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NDP Leader Jack Layton. Photo: Wikipedia Commons
NDP Leader Jack Layton. Photo: Wikipedia Commons

NDP's Jack Layton dies at age 61

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Canadian politician Jack Layton died at home in Toronto early this morning, in the company of family and friends. Layton's dynamic leadership vaulted the New Democratic Party to unprecedented success in Canada's most recent election this past May. The 61-year-old Layton stepped down as leader of the official opposition in late July to deal with a second bout of cancer. At the time, he said he hoped to be back when Parliament resumed in September.

Canadians from across the political spectrum are saluting Layton's contributions to his party and his country.

Lucy Martin has more.

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Reported by

Lucy Martin
Ottawa Correspondent

If convention was any guide, Canada's most recent election would have been a contest between the Conservatives - under incumbent Prime Minister Stephen Harper - and the Liberals, lead by Michael Ignatieff. But this election took a number of historic shifts, largely thanks to Jack Layton.

Layton started out as a left-wing professor and city councillor in Toronto, before becoming leader of the New Democratic Party – which typically trailed in a field of four.

When the election was called in late March, Layton was just recovering from prostate cancer and also needed a cane after hip surgery. There were doubts he could endure an intense, cross-country campaign.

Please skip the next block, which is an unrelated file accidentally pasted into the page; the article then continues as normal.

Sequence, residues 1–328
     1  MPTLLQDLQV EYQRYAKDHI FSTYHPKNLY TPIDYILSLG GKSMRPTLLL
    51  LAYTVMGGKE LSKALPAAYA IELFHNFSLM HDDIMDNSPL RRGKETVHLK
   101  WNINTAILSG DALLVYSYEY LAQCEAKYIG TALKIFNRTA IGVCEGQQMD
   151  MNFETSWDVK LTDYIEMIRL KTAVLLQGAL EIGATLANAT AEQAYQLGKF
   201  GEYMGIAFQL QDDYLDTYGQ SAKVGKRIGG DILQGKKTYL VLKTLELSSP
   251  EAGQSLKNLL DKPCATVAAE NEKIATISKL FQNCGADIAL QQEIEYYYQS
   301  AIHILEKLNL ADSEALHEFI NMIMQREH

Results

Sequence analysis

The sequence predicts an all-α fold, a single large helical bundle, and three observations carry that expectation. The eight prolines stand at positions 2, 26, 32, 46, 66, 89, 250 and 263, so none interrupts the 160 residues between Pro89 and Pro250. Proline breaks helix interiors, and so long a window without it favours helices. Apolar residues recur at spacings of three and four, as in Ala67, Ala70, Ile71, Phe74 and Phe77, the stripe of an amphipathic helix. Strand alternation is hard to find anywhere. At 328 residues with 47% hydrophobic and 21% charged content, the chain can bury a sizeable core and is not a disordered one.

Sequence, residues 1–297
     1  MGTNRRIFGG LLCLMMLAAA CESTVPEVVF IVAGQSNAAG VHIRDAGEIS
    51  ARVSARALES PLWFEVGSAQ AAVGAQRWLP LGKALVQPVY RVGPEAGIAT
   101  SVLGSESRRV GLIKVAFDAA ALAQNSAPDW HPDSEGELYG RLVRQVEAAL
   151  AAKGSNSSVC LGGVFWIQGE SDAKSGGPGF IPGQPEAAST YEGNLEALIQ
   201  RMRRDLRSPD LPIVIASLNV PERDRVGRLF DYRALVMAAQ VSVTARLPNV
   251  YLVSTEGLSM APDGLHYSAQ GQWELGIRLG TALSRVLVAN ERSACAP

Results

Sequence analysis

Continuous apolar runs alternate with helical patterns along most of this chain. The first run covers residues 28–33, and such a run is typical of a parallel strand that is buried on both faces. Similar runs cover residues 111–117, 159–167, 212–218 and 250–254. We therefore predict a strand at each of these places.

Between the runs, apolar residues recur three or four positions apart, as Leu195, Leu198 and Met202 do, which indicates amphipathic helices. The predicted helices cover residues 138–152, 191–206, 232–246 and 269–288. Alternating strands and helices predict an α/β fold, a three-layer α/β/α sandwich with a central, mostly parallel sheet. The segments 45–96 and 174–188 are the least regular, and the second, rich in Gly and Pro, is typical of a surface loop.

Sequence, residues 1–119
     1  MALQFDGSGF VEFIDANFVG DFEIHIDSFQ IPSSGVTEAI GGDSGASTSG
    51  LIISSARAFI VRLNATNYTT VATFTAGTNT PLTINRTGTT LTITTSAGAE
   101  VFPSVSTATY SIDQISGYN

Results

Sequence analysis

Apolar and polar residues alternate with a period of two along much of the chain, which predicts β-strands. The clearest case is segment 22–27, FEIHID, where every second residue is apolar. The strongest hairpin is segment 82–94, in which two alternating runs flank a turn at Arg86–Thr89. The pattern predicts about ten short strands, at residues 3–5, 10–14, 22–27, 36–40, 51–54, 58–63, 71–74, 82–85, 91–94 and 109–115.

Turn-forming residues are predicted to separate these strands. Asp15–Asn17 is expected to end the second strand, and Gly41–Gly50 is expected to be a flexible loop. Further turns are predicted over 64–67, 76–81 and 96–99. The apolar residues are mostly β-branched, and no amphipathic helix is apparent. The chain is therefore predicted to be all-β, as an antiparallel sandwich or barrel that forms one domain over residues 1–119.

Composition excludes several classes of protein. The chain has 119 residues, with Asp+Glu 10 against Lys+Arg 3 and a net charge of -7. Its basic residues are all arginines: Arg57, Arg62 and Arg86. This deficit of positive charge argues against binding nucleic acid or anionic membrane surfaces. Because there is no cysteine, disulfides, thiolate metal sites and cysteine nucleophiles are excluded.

But Layton did more than endure. He regained his vigor, and emerged as the race's "happy warrior". His upbeat message took his party to an unprecedented second-place showing.

Many observers felt the turning point came in April's debates, when Layton challenged his Liberal rival, as can still be heard on YouTube:

Jack Layton: "I have to pick up on something Mr. Ignatieff said. He said before you have to walk the walk, and have to be a strong leader and respect Parliament. I've got to ask you then, why do you have the worst attendance record in the house of commons, of any Member of Parliament? If you want to be Prime Minister, you'd better learn how to be a Member of Parliament first. You know, most Canadians, if they don't show up for work, they don't get a promotion."

Stephen Harper went on to a decisive win. But Layton's populist appeal swept away both the Liberals and the Bloc Quebecois, in an upset that completely altered Canada's political landscape.

If Layton's success was sweet, it was also heart-breakingly short.

By July 25th, a suddenly-frail Layton announced he was taking temporary leave, to face a second, unspecified cancer. Layton's determined optimism was so much a part of his image that his death this morning took many by surprise.

Today Layton is being hailed for his decades of public service and warmly recalled just for being Jack: a down-to-earth guy who showed up, did his job and left nearly everyone glad to know him.

For North Country Public Radio, I'm Lucy Martin, in Ottawa.

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